The second dual-layer disc presents a large bulk of the extras, most of it text material carried over from the Laserdisc. The disc starts off with Script Development, which presents a gallery of the various drafts the script went through. This rather lengthy section presents the original treatment and its second draft with notes, a first draft written by Gilliam with Charles Alverson, a bit written with Charles McKeown, a draft by Tom Stoppard, and then another version that went through McKeown and Gilliam again. The various galleries, which you navigate through using your remote, present photos of the scripts along with storyboards and concept art. There are also lengthy text notes summarizing the many drafts and the many differences found between them. Itís a bit of a read and very lengthy but itís certainly worth it.

Criterion also includes a 9-minute video segment featuring interviews with Gilliam, McKeown, and Stoppard talking about the script process. Here the three talk about the development of the script and there was some butting of heads as suggested in the text notes in the galleries, specifically on jokes. Interestingly a scene from the American version, where Sam Lowry states ďMy God, it works!Ē after seeing his motherís grotesque face at the plastic surgeons, was one of the things they fought on. He took it out only to put it back in again. But since the scene is missing from the version in this set I can only assume Gilliam decided to remove it again. Stoppard was also annoyed to an extent by the fact the film seemed like 1984, but Gilliam was afraid to admit to Stoppard he never actually read the book. Overall this is a fantastic and very thorough section.

Storyboards presents the storyboards for the dream sequences. It presents nine but ultimately only one of them was filmed in its entirety and it appears sections of others, like the samurai, were added and then spread out over the film. Each storyboarded sequence is presented as its own item on the menu and you navigate through the gallery using your remote. Each section opens with a summary of the scene and in most cases even includes samples from the scripts. You can then flip through each storyboard panel for the sequence.

Production Design delivers a section looking at how the look of the film was created. It presents a number of galleries delivering text notes about the influences accompanied by photos, concept art, and sketches. Here youíll find info on the colours of the film, the various locations used for the futuristic setting, most of the film shot in abandoned factories or in a power station (itís especially interesting seeing photos of the locations before they were altered for the film.) We also get a look at the sets, the designs of the various props, and even the letterheads and various forms used throughout the film. Another cool addition.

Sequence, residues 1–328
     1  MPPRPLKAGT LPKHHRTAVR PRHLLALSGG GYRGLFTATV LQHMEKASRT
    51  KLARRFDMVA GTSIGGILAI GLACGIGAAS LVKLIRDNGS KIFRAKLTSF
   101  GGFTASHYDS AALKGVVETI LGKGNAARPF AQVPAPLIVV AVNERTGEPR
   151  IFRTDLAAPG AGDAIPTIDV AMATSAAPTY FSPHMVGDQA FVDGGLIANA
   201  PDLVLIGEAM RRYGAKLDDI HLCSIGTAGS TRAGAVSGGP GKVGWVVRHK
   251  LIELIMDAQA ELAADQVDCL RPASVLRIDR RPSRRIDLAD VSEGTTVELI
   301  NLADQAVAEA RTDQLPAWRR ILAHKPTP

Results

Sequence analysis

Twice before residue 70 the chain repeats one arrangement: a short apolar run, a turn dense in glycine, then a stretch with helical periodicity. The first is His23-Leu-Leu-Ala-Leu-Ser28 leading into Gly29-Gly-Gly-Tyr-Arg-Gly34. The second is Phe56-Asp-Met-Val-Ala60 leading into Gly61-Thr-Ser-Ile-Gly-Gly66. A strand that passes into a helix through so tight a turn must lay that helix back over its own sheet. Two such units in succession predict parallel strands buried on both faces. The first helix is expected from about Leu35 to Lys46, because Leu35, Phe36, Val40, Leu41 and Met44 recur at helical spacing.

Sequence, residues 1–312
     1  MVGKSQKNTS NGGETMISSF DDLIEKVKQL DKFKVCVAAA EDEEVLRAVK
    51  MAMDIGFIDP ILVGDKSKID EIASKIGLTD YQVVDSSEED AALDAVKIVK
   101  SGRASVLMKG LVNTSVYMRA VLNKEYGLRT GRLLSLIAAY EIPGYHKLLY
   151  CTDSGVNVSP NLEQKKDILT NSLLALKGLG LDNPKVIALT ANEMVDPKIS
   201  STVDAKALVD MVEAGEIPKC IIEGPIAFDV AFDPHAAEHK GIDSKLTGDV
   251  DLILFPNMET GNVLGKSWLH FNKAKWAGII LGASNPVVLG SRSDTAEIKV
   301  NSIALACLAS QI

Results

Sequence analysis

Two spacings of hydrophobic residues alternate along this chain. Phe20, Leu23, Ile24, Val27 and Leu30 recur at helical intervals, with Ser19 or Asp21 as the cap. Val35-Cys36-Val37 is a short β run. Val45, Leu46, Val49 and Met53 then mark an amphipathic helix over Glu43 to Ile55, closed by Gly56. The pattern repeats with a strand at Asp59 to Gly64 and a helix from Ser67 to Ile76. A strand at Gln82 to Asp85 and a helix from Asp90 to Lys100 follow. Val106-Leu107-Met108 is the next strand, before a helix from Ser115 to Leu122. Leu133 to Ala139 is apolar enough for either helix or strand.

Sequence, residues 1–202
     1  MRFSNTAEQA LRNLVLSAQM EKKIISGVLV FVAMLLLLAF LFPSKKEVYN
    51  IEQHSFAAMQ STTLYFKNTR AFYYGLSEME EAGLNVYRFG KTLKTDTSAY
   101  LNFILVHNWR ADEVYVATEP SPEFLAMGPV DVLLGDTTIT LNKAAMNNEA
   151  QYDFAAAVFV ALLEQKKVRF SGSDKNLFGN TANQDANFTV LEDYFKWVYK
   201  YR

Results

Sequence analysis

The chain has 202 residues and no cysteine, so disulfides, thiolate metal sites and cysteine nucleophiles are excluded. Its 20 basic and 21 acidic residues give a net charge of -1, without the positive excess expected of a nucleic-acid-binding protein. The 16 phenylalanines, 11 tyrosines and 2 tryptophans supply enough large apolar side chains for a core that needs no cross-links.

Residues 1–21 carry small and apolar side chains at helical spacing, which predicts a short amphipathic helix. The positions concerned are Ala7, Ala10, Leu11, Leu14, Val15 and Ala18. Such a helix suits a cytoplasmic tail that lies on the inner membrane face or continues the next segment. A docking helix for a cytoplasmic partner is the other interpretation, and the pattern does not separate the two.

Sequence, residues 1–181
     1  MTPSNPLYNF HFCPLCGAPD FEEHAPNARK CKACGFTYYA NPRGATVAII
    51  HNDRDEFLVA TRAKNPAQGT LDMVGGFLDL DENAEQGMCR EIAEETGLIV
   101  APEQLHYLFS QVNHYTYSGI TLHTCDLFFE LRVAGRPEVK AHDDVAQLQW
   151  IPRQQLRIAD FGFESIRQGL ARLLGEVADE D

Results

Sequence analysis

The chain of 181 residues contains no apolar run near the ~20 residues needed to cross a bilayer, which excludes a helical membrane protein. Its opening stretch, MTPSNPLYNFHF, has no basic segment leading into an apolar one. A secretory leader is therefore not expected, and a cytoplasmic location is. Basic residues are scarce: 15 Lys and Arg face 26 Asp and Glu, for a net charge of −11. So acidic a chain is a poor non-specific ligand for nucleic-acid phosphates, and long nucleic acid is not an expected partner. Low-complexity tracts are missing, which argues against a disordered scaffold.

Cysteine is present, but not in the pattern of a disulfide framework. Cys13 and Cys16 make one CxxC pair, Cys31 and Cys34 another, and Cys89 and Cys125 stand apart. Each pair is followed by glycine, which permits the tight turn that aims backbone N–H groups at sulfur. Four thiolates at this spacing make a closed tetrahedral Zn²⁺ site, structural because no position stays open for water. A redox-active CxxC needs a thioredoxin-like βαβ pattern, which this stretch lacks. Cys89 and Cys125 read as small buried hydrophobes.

Costume design presents a 5-minute audio interview featuring James Acheson talking about the costumes in the film, which plays over various photos that influenced the look along with concept art and the finished designs. He talks about how he developed the looks for the various characters from the police to Samís dream costume and De Niroís rogue repairman outfit. He also talks about the influences of some of the more outlandish costumes, like the shoe-hat.

Following this is ĒWhat is Brazil, a 29-minute documentary made on set by Rob Hedden. It features interviews with Gilliam, Tom Stoppard, Michael Palin, Katherine Helmond, Jonathan Pryce, Charles McKeown, and others. The participants talk about the themes of the film and the look while the documentary also provides behind-the-scenes footage from the set. It also looks at the various effects and sets, as well as location shooting, like the Croydon station cooling towers for the finale. What may prove most fascinating about the piece is the inclusion of information on a dropped sequence called ďThe Eyeball SequenceĒ. It seems to be a promotional piece but itís certainly an above average one, offering far more intriguing information than you would expect from something of this sort.

Special Effects presents more galleries looking at various effects sequences in the film, from the flying sequences to the monoliths and other sequences involving miniatures. As with the other sections you navigate through descriptive text notes explaining how the effects were pulled off, but every so often you will come across a video section showing some behind the scenes material, possibly with a voice-over narration. Another intriguing and highly detailed section.